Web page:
A Family History of the Ferlita Macaroni Factory 1912 - 1942


The Ferlita Macaroni Co. in West Tampa

 1936 - 1942


After moving the factory from Ybor City to 933 Union Street in West Tampa the business flourished with Giuseppe's children who became an integral part of the business operation.  However, within a few years of operation at this new location, the Ferlita Macaroni Factory was forced to relocate for its last move because of to a new federal housing project planned for the area.  With little compensation from the federal government, the factory was forced to borrow money to finance the relocation of a new factory.  Giuseppe secured a loan from International Bank from an old childhood friend from Sicily, Angelo Massari.

933 Union Street, West Tampa


The last move for the factory was located  at 2001 North Tampania Avenue also in West Tampa.  And at the height of the business, the factory shipped pasta throughout Florida and also Georgia. 


Giuseppe Ferlita went into semi-retirement around 1939.  His son Rosario “Saro” ran the day-to-day operations and his brother-in-law, Frank Ficarrotta worked sales.  Giuseppe had an office on the top floor (third level) – to oversee the process of the pasta  drying rooms located nearby.  Pasta drying was one of the most important steps.  Giuseppe would spend most of the time reading various books, periodicals and newspapers.


Within a few years after the start of World War II, his sons enlisted in the military, while the oldest son, Rosario remained to help run the factory.  During the war it was allowed that men could be exempt from the draft if they operated an essential business, such as food production factory, like a macaroni factory.  During those days there were underhanded deals by draft officials to exempt some families from being called to the draft.  According to Giuseppe’s late daughter Mary Tagliarini she had always said that her father’s banker ,Angelo Massari of International Bank, chose to call in the macaroni factory’s loan with the purpose of saving his son, Frank from being drafted.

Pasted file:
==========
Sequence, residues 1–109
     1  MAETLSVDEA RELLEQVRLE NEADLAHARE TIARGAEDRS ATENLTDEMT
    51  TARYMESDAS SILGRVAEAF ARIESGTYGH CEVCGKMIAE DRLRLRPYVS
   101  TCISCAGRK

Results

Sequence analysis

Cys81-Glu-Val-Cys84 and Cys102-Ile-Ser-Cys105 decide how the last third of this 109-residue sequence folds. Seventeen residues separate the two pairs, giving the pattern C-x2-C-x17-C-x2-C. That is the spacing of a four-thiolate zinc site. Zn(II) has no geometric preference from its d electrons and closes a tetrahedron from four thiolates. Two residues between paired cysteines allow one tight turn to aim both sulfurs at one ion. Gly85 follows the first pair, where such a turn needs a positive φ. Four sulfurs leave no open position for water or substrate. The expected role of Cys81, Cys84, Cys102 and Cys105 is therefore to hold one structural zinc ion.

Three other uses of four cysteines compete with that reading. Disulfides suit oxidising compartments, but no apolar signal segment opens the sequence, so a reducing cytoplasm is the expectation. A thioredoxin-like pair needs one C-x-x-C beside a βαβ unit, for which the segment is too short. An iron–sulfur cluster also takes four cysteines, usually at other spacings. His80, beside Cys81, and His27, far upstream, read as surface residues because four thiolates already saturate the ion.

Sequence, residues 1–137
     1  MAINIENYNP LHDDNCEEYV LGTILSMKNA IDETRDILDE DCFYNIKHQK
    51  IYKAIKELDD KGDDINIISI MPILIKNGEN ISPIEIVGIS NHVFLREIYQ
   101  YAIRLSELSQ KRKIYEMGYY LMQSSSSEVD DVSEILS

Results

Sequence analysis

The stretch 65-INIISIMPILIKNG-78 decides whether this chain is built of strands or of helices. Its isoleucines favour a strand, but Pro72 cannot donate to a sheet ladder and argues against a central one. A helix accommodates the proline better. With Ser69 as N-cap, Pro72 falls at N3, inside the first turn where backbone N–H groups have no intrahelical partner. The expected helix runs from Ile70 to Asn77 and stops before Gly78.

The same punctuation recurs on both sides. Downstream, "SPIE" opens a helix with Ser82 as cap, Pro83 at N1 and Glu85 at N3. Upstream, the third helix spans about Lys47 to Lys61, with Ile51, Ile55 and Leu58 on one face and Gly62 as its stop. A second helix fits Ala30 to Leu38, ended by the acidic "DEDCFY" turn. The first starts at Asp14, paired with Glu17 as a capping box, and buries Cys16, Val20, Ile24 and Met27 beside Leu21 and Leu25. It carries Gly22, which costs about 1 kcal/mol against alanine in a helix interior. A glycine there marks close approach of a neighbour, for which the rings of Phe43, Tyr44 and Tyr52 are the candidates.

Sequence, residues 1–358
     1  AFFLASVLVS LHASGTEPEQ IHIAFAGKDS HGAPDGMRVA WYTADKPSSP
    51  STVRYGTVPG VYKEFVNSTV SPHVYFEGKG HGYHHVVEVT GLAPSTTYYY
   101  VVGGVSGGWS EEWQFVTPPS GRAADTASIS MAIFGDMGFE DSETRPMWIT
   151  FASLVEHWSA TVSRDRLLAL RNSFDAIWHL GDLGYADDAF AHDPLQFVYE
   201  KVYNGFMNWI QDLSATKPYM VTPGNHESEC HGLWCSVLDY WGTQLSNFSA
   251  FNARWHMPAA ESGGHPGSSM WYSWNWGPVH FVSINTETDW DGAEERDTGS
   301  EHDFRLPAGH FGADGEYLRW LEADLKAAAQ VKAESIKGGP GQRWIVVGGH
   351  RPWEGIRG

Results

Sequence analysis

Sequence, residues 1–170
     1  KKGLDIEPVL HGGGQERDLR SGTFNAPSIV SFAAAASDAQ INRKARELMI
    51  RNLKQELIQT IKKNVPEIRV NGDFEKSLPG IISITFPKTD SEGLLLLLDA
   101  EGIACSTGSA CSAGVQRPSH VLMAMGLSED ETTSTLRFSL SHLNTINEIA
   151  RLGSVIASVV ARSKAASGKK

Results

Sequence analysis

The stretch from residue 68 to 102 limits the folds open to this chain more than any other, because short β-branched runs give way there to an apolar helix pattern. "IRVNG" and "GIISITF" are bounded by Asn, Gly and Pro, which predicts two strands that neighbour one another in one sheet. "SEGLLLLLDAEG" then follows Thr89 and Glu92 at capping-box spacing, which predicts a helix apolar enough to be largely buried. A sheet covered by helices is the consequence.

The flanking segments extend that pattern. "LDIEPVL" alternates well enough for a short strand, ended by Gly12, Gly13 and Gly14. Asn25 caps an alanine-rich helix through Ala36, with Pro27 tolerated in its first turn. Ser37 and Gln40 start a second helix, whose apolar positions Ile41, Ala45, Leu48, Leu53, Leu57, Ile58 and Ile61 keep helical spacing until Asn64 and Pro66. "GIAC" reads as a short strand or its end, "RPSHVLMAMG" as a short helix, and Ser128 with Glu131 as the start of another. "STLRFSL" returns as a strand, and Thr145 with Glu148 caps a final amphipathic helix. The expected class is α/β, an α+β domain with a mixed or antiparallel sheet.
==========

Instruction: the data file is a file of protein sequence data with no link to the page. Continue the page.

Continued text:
The Macaroni Factory on Union Street in West Tampa was auctioned at the courthouse steps and even with the help of a family friend; Bill Haggerty the factory was lost.  Angelo Massari  out bid Mr. Haggerty, and Mr. Massari won the factory.  His son avoided the draft by operating a business during the war and afterwards the business stumbled and operated a few years more but later failed. 


Around 1945-46 records showed Giuseppe “Nano” Ferlita owed the "Silver Ring Café in Ybor City'.  He purchased it from his brother Sam and later sold it to Angelo Cacciatore who remained the owner for the next 40 years.


 The loss of the Macaroni Factory broke the heart of Giuseppe and he never seemed to be the same and died a few years later.  A man with little education raised eight children and spoke broken English but was able to build a major manufacturing business and leave a legacy that lives in the hearts of his descendants.



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